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We are nearing the 23rd of June now so I thought I would start to bring things together. There is a lot of talk about how much influence the EU has over our laws.

Nick Clegg and Nigel Farage famously contradicted each other in a televised debate

Farage quoted former European Commissioner for Justice Viviane Reding, that 75% of UK law originates from Brussels. In last nights debate he said it was 66%.

Clegg claimed in the TV debates in the run-up to the EU elections that only 7% of British laws came from the continent. Take your pick.

Of course you can have a plethora of relatively minor laws concerning the imports of a variety of rare species and just one quite important law concerning the age at which pensions might be paid, so that the actual number of laws is relatively unimportant.

A much better quide is which areas of legislation are covered by the EU and which are not.

Free trade – The EU is a trade bloc which means there are no quotas or tariffs for companies exporting goods and services within the EU

Common commercial policy – these are rules put in place to protect EU businesses using things like tariffs, subsides and quotas on imports from outside the eurozone.

Those are essentially extra payments or restrictions.

EU competition law – this means that if you have a company you should have the opportunity to do business across the EU.

The law is designed to stop bigger firms abusing their power by setting up cartels and monopolies.

The internal market – the single market means UK citizens are free to move, live, study and trade anywhere within the EU.

This also affects you when you go on holiday within the European Union because there are no customs limits.

There are also no border controls across most of the EU either – the UK is one exception to that rule.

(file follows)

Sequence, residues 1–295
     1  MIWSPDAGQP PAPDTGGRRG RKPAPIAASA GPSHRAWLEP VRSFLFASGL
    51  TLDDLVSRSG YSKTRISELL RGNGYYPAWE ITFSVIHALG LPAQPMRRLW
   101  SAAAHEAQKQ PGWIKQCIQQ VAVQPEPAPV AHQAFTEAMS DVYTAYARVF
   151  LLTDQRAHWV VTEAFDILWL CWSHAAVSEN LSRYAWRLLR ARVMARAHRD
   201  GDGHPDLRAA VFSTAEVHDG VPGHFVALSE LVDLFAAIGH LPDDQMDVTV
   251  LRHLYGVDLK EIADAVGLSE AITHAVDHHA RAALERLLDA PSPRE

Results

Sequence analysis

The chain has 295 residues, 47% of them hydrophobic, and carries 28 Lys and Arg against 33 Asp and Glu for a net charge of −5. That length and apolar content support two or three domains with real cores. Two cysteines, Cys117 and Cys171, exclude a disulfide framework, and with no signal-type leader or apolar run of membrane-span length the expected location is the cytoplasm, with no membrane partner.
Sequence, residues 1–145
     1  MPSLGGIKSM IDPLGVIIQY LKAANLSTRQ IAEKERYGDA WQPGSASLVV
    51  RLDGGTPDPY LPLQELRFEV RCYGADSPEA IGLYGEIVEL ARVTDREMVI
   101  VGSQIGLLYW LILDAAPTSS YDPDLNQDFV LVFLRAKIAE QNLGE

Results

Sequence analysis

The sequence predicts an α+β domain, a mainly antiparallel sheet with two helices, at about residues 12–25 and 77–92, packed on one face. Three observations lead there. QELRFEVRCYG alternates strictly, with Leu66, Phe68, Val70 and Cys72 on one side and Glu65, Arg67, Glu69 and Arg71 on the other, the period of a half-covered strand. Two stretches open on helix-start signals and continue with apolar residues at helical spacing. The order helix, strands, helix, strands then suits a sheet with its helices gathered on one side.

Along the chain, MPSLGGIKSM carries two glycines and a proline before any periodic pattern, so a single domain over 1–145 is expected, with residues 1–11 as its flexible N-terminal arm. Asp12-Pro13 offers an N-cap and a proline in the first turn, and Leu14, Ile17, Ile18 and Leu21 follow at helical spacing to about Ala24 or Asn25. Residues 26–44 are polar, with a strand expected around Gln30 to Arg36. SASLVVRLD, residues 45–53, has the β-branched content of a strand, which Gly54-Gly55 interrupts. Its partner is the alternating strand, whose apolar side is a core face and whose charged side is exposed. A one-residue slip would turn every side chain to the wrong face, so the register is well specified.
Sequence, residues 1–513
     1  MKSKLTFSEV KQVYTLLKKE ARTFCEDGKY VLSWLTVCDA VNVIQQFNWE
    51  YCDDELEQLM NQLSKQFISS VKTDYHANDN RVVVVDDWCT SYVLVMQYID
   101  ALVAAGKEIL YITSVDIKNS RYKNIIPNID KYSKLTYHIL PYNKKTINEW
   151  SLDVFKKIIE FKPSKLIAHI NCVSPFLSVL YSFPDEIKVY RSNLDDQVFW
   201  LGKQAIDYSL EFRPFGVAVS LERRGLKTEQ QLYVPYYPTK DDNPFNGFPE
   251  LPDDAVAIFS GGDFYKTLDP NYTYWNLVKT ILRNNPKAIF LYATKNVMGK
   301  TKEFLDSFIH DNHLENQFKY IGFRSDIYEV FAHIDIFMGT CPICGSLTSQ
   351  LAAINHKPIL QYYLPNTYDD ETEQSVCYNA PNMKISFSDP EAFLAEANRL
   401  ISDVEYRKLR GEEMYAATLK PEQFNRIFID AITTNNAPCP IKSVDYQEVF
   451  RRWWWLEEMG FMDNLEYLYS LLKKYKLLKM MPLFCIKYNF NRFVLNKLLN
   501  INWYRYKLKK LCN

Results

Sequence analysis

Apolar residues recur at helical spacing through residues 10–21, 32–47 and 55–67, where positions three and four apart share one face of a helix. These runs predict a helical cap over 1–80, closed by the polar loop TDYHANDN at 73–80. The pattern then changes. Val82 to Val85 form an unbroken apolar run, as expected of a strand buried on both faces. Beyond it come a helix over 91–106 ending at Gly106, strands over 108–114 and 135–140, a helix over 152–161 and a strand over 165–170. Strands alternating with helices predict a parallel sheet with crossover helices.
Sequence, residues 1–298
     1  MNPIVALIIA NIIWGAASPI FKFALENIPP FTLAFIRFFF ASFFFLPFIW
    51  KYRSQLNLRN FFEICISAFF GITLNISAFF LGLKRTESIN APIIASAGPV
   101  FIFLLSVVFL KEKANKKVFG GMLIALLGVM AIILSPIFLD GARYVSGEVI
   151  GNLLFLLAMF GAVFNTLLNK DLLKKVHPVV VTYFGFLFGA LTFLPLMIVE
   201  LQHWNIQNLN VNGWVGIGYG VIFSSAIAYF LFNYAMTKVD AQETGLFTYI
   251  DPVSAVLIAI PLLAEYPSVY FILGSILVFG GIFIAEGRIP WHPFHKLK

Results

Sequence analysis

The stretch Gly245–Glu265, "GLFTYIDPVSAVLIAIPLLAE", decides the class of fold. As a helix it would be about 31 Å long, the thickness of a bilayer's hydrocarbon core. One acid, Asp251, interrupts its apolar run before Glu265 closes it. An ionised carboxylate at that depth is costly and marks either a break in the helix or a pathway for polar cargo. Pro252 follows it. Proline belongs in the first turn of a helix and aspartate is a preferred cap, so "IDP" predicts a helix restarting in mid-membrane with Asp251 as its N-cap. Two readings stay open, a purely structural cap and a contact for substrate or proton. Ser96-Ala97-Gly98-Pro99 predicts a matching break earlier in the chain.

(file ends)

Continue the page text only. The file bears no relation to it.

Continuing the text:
Trans-European networks – many areas of Europe have benefited from this policy with new roads and transport networks designed to make it easier for the different countries to transport goods and services across the EU.

Energy – this is a common policy for European energy needs and proposals for making energy greener.

It also means when you sell or rent a property you have to provide a home energy performance rating chart such as an energy efficiency rating.

EU energy labels have also been introduced on all electrical goods like washing machines and even light bulbs to try to make us all more aware of what energy we’re using.

Area of freedom, security and justice – this is designed to make it easier for police across the EU to cooperate but also to ensure fair treatment in different judicial systems for all EU citizens.

There is a European arrest warrant that means you can be arrested anywhere in the EU for more serious crimes committed in another EU country.

Common fisheries policy – every EU state must stick to rules on fishing set by Europe.

This affects fishermen in the UK, who are only allowed to fish for certain types of fish at certain times of the year to conserve stocks.

There are also understandings on public health, the environment, consumer protection, transport, social policy, plus economic, social and territorial cohesion.

There are common foreign, security and defence policies which run alongside the policies of member states although there is no European army or single European foreign policy.

So the EU does affect a lot of areas, however in terms of government spending and in terms of what you and I would most likely think to be the priorities then the EU has no influence. It does not make laws in the following areas. In some of these areas the EU may express guide lines and suggest policy aspirations.. but no legislation.

The EU does not control how individual states raise their taxes.

The EU does not determine our health care.

The EU has no influence on our defence.

The EU is not responsible for our Education system.

The EU does not determine what we spend on welfare or pensions.

The EU does not exert any control over our police, civil protection or disaster prevention.

The EU does not control any of our sports arrangements

And there is more, but it is getting more and more of a minor in importance.


To give you an idea of the relative importance of these different areas have a look at this chart.

To see other posts about our EU membership ( there are obviously 51 others, this being number 52) click EU membership summary And if you think any of them particularly relevant then please feel free to reblog or share them.